Another top administration official testifies that President Trump directed freeze on Ukraine aid

Mark Sandy, a top budget official, also revealed that two OMB staffers quit after voicing frustration about the aid

Published November 27, 2019 12:23PM (EST)

Mark Sandy, a senior career official at the Office of Management and Budget, arrives to the US Capitol for a closed door deposition with lawmakers regarding whether President Donald Trump ordered a hold on military assistance to Ukraine on November 16, 2019 in Washington, DC. (Sarah Silbiger/Getty Images)
Mark Sandy, a senior career official at the Office of Management and Budget, arrives to the US Capitol for a closed door deposition with lawmakers regarding whether President Donald Trump ordered a hold on military assistance to Ukraine on November 16, 2019 in Washington, DC. (Sarah Silbiger/Getty Images)

Mark Sandy, a top career official in the White House Office of Management and Budget (OMB), told impeachment investigators that it was his understanding that President Donald Trump directed the relevant agencies to hold up military aid to Ukraine over the summer, according to a transcript of his testimony released Tuesday.

Sandy, the only OMB official to testify in the inquiry, said that he learned of the president's decision to freeze the aid through a July 12 email from Robert Blair, a top aide to acting White House chief of staff Mick Mulvaney. The email, Sandy added, was sent to Michael Duffey, a political appointee.

On July 17 or 18, Duffey asked Blair about the reasoning behind the hold but did not receive an explanation, according to Sandy's remarks.

"He didn't provide an explicit response on the question. He simply said, 'We need to let the hold take place' — and I'm paraphrasing here — 'and then revisit this issue with the president,'" Sandy said of Blair, adding that he immediately raised concerns about whether the hold was legal when he first learned of it. "On that day, I emphasized that that would raise a number of questions that we would need to address. And so I advised that we would want to consult with our general counsel on those questions first."

Duffey ultimately took over the process of signing off on the documents that held up the Ukraine aid. Sandy told impeachment investigators that until then, Duffey had not expressed interest in the process of approving apportionments.

Sandy said that his own staff was "curious" and "concerned" about the apportionment authority being removed from him and that he was not aware of such a step happening before. He told lawmakers that Duffey said he took over responsibilities because of "interest among the leadership in tracking the issues of moneys closely" and wanted to "learn about more specific accounts within his area." Sandy said he voiced concerns to Duffey about the move. He thought there were better ways to do this, but he ultimately "took him at his word."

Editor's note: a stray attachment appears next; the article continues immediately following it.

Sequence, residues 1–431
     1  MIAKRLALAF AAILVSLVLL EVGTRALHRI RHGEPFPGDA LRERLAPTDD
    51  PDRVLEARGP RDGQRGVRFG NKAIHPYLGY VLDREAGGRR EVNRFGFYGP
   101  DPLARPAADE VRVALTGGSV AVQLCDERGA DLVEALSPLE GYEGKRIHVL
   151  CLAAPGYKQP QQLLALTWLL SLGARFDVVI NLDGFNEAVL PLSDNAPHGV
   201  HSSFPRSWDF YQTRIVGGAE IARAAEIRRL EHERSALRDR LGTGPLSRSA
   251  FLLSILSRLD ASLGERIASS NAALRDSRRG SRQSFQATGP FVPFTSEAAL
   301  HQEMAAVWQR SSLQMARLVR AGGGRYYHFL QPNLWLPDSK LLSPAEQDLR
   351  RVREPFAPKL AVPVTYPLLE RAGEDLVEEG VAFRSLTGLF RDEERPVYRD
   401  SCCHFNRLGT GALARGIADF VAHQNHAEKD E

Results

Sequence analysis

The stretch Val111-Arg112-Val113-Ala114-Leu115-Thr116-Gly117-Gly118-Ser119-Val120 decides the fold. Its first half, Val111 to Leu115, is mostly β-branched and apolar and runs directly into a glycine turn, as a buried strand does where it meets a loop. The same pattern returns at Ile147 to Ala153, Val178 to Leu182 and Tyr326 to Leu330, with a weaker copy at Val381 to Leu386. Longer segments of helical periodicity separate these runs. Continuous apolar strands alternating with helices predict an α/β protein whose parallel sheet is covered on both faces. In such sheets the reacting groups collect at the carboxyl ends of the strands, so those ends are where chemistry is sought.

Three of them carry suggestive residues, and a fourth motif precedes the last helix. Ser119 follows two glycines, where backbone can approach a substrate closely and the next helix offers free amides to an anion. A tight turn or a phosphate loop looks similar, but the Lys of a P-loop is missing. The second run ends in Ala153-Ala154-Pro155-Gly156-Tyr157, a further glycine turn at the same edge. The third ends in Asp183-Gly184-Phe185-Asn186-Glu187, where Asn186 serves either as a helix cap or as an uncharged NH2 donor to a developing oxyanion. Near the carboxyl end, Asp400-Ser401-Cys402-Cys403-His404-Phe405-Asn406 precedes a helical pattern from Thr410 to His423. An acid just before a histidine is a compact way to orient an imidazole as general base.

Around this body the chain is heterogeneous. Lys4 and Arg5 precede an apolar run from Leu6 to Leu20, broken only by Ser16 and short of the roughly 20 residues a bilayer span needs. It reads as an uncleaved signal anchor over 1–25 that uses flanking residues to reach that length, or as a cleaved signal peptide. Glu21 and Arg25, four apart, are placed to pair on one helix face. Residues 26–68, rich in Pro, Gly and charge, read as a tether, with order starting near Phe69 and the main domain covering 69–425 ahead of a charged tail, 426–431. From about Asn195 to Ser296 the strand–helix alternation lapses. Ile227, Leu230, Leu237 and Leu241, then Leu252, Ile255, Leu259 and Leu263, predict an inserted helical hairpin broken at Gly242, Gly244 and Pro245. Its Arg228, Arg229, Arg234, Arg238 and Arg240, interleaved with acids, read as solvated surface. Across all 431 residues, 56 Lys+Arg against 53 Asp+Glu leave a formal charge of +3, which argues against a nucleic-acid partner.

Duffey defied a congressional subpoena to testify in the impeachment inquiry.

Sandy, the agency's deputy associate director for national security programs, testified on Nov. 16 behind closed doors before the House Intelligence Committee, one of the panels leading the investigation.

He told lawmakers that officials at the Pentagon were concerned about the aid freeze, as well. Early internal paperwork on the freeze included a footnote that stated, "OMB understands from the Department (of Defense) that this brief pause in obligations will not preclude DOD's timely execution of the final policy direction," but that footnote was removed in late August, Sandy testified.

"DOD stated it could no longer support that sentence," Sandy said. "They were concerned about execution risk associated with an ongoing hold," worried it could lead to a violation of the Impoundment Control Act, he added.

Sandy said he was not given any reason for the freeze until September — after news of the hold had become public, prompting bipartisan pushback from Congress. At the time, Sandy learned that Trump was concerned about "other countries not contributing more to Ukraine."

He also testified that two officials at the budget office stepped down this year because of their concerns about Trump's decision to hold up the aid to Ukraine.

Sandy did not name the employees in question. He said one worked in the OMB legal department and stepped down over concerns that withholding some $400 million in security assistance to Ukraine, which had already been approved by legislators, could violate the Impoundment Control Act of 1974, which curbs the executive branch's authority to change spending decisions made by Congress.